outlet glowed red in the night. Cruising initially at 240 knots and
about 9,000ft, we headed north over Belgium, then parallel with
the East Anglian coastline and east of the Shetlands.
We had been reassured beforehand about the emergency equipment
aboard—dinghies, tents, survival suits, plenty of concentrated
foods, transmitters, stoves, rockets and smoke generators, torches,
sun-glasses, and even a hunting-knife and a triple-bore rifle for
potting at polar bears. Now a bilingual steward demonstrated lifejacket
procedure; if we were dropped into the sea, we should be
both phosphorescent and shark-proof.
Engine and propeller noise is quite subdued in most parts of this
largest member of the Constellation family. The inboard motors
are farther outboard than on the smaller craft, to use an Irishism;
the huge, three-bladed props are geared down more, and there is
added sound-damping in the fuselage. Only in those parts of the
cabin nearest the blade-tips—in particular, the toilets, so that one
is not inclined to stay in them longer than is necessary—is the
noise and vibration at all oppressive.
Our senses had already accustomed themselves to the hum and
very slight movement of our temporary caravan when Air France
began to serve their evening delights for the table. First, a wide
choice of aperitifs; then, lubricated liberally with champagne and
table wines, came a Caviar de Beluga with a fresh tang of the sea,
cold turbot with salad, lamb chops with haricot verts, cheeses,
petits fours, ice-cream (just about as we crossed the Arctic Circle
N.E. of Iceland), fresh fruit, coffee and brandy. This light repast
finished at about 0030 G.M.T. on the 11th.
It should have put everyone soundly to sleep for many hours, yet
at 0220 G.M.T. I woke to see a bright and decorative sky to the
N.E.—all the spectral shades over a black and empty sea. Was this
a sunrise without a sun, or a sunset, or the aurora borealis? Or even
the champagne and just a dream? No one else seemed to know,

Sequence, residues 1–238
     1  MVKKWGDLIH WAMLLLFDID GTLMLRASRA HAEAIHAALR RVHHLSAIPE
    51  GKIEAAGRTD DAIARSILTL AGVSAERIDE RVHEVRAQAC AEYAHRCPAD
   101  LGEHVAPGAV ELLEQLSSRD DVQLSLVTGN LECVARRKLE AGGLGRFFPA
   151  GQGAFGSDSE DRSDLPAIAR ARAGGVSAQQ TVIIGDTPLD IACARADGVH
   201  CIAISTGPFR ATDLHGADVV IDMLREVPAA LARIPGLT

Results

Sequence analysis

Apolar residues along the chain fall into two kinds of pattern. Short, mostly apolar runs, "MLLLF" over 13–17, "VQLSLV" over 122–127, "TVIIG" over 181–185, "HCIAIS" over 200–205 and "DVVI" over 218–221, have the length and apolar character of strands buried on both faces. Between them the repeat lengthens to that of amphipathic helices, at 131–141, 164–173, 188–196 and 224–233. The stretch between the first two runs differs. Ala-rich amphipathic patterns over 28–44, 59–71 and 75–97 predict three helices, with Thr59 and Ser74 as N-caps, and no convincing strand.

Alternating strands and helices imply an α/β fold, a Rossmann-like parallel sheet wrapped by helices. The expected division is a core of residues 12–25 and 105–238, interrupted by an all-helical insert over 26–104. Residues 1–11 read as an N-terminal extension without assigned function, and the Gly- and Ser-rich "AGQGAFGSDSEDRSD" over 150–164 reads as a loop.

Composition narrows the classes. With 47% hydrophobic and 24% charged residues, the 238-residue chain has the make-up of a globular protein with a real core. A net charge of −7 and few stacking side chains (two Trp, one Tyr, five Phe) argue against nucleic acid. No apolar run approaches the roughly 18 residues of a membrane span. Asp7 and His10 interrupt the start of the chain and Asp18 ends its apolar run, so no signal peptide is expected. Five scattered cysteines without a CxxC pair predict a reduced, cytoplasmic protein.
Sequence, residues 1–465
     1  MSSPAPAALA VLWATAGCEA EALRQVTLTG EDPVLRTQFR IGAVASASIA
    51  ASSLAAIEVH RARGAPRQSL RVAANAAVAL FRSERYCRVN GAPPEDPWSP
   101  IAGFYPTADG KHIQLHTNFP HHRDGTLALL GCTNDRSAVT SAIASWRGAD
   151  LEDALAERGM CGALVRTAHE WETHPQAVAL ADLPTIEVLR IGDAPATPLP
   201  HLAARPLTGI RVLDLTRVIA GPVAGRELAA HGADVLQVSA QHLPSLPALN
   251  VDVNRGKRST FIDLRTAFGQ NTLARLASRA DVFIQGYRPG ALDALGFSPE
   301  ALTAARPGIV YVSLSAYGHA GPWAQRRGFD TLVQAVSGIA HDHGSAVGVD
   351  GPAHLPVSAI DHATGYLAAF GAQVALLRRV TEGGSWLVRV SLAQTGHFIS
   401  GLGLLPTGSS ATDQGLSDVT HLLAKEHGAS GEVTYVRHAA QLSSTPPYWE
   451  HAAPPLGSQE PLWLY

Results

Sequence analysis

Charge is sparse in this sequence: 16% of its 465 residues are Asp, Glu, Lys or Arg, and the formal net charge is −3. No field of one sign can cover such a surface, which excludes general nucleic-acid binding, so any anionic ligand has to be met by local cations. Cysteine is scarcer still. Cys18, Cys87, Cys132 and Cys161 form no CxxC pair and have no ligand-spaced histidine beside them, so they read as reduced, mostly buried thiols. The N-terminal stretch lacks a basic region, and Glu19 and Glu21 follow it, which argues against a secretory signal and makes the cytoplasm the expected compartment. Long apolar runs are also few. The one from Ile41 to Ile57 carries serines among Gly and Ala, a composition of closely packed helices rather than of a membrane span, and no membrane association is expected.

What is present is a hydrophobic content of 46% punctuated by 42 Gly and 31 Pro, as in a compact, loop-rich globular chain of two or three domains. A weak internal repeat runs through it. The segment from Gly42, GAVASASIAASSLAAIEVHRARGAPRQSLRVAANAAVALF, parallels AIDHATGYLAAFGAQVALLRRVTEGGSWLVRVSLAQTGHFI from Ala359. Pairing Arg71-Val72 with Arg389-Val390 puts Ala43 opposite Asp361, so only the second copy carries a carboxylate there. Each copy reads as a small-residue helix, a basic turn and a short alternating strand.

but I think it might have been Friday's sun trying to reach us from
somewhere around Siberia. At this time we were approaching the
east coast of Greenland, which we crossed (0320 G.M.T.) at Jonsbu
—about latitude 75 deg N. My special sunrise then disappeared.
The icy mass of Greenland was crossed, in darkness, diagonally
from Jonsbu and over Kennedy Straight to Fort Conger on Ellesmere
Island. Now Friday's sun began to rise, from the S.E. relative
to our aircraft, so that we were able to pick out the forbidding peaks
and glaciers of Grant Land in the twilight.
Navigators Station on the Connie
Between there and Barter Island on the mainland of Alaska there
was a leisurely breakfast in full daylight, and Bertrand d'Astorg,
who is a poet and author as well as being Air France's second string
in public relations, entertained the guests by donning a survival
suit and being dowsed with Perrier (see photograph) to celebrate
our Arctic crossing. Our cruising speed had risen steadily as the
aircraft became lighter and the flight plan in terms of progress and
fuel consumption had proved fully satisfactory.
We were now at 24,000ft and cruising at some 295 kt. Outside
our aluminium shell the air temperature was — 56 deg F (88 deg of
frost) but a ground temperature of +37 deg F was forecast at
Anchorage—with good weather and clear skies. We were told, too,
that our nearest approach to the Pole had been 870 km, at precisely
0638 G.M.T. After that we had started, of course, to drop
down the other side of the world.
On this route there is the same independence of a fixed course
as over the Atlantic. Depending upon the atmospheric pressure at
the Pole and consequent wind directions and strengths, some flights
may pass directly over it, whereas on other occasions it may be
skirted by over 1,000 miles. On the return route from Tokyo more
favourable winds prevail, and the flying time in this direction is
quoted as 27y hours in place of just under 30 for the outward trip
—both fabulous figures for an 8,420-mile flight when considered
in relation to the time it takes to cover that distance in a private car.
Polar flight and its relationship to the earth's rotation and the
sun is most probably less obscure to most of my readers than it is
to me—and many of my fellow-passengers. To put matters in their
simplest terms (I think) the sun can be considered as rushing round
the Equator at about 1,000 m.p.h. in a clockwise direction viewed
from the North Pole. Thus from Paris to Tokyo one is being
chased by it. and from Tokyo to Paris one is rotating in the opposite
direction to meet it. On the westward journey, the higher the
latitude, the slower one has to go to keep up with the sun; so at